That saddens me because all of the world’s wonderful cars are now locked away in dehumidified cellars, which means they aren’t on the road where they belong. If I were chancellor of the exchequer, I’d introduce capital gains tax on cars tomorrow. And I’d make it retrospective. It would be a vote winner among the mealy-mouthed and the bitter. And because rare cars are now changing hands for millions, it would net enough to pay for a kiddie’s iron lung or something. And, best of all, it would get all of these wonderful cars back into public view where we can enjoy looking at them.
Certainly, if I owned the Ferrari I was driving last week, I’d use it to go everywhere. I would take it on unnecessary journeys. I would volunteer to run errands for friends. And I would be happy when one of the children rang at three in the morning to say they had no money and couldn’t get home. Because I could go and pick them up.
There are those who say that a 488 is not a proper Ferrari because it’s turbocharged. And that turbocharging has no place on such a thoroughbred. They argue that it’s turbocharged only so that it can meet EU emission regulations and that sticking to the letter of the law flies in the face of the Ferrari ethos. A Ferrari is about freedom and adrenaline and speed and passion and beauty and soul. It’s not about carbon dioxide and bureaucracy.
Yes. I get that. But let’s not forget Gilles Villeneuve’s Ferrari race car was turbocharged or that the best Ferrari of them all — the F40 — used forced induction. And also let’s not forget that thanks to modern engine management systems, you simply don’t know that witchcraft is being used to pump fuel and air into the V8. It doesn’t even sound turbocharged. It sounds like a Ferrari. It sounds baleful. It sounds wonderful.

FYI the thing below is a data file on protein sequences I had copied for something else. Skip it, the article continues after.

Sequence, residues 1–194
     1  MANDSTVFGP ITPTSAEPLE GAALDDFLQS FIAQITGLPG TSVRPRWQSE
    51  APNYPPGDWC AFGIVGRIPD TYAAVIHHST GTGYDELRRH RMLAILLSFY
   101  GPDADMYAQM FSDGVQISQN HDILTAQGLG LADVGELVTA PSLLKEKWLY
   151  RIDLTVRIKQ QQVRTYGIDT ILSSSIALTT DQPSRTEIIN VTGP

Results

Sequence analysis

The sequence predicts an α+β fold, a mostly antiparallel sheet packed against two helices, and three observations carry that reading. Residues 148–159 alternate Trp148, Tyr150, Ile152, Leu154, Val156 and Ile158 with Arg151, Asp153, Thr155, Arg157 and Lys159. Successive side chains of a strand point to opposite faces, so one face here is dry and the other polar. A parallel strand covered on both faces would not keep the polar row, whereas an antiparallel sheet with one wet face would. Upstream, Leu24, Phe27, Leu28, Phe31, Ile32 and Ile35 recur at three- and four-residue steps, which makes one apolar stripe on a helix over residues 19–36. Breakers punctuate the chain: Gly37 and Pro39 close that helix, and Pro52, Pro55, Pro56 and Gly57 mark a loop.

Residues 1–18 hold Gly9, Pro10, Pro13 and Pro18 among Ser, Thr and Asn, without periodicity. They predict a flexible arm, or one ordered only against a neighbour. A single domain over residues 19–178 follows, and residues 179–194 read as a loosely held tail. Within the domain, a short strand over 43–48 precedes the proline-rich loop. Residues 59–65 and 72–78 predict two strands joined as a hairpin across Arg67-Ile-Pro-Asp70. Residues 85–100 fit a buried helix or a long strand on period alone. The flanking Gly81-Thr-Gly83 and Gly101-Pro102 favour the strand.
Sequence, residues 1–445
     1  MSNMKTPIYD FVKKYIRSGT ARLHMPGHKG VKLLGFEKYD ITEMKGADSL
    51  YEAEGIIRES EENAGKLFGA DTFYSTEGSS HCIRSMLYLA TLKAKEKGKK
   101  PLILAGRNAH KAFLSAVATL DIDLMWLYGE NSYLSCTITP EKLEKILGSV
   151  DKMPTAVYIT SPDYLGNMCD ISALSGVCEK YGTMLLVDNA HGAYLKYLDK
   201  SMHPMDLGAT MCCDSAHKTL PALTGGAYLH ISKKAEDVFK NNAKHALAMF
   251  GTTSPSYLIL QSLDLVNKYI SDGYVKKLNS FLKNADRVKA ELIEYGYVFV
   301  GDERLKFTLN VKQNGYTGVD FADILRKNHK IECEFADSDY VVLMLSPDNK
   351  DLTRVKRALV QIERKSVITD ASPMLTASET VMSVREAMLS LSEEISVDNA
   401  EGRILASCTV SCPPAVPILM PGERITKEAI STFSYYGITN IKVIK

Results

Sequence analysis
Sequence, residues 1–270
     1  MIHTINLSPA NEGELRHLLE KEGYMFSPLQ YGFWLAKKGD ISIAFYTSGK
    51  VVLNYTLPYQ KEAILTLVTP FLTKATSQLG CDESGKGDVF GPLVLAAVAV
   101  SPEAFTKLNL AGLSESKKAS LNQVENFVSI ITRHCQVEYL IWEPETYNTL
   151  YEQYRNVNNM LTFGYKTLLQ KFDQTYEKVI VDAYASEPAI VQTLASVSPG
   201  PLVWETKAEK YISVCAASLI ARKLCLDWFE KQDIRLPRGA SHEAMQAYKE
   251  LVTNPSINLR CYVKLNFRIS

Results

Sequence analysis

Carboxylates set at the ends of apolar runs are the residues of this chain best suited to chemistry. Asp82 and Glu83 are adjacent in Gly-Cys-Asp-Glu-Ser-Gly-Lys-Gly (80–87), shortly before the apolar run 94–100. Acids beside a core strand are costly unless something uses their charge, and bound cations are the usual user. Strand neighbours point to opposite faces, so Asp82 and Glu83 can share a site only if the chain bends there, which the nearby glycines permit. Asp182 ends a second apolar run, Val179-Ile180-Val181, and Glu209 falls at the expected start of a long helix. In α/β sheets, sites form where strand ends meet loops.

“Ferrari’s greatest achievement with the 488 is to take something so highly tuned and highly strung and powerful and make it feel like a pussy cat”
And, oh my God, it’s lovely to drive. You can potter about with the gearbox in automatic and it’s not uncomfortable or difficult in any way. That is probably Ferrari’s greatest achievement with the 488. To take something so highly tuned and highly strung and powerful and make it feel like a pussy cat.
It’s so docile that you get the impression it can’t possibly work when you put your foot down. But it just does. I know of no mid-engined car that feels so friendly. So on your side. There’s no understeer at all and there’s no suddenness from the back end either. The old 458 was not as good as a McLaren 12C. But this new car puts the prancing horse back on top. As a driving machine, it’s — there’s no other word — perfect.
I still hate the dashboard, though. Putting all the controls for the lights and indicators and wipers on the steering wheel is silly. And so is the sat nav and radio, which can be operated only by the driver.
I suppose you’d get used to it if you used the car a lot. And that’s the best thing about the 488. Because you can. James May recently bought the old 458 Speciale, which, because the car market is mad, has rocketed in value to such an extent that he hardly ever uses it.
The 488, because it’s not a limited-edition special, will not make you any money. So you can, and you may as well, use it as a car.
Yes, it’ll cause everyone else on the road to become Arthur Scargill. But look at it this way. When you’re filling it with fuel and you’re being sneered at by the man at the next pump, give him a real reason to dislike you. Saunter over and point out that if you didn’t have a Ferrari, it would make no difference to his life.
He’d still be on his way to a useless garden centre, in his crummy Citroën with his ugly wife and his two gormless children.
Head to head
|Ferrari 488 GTB||Lamborghini Huracan LP 610-4|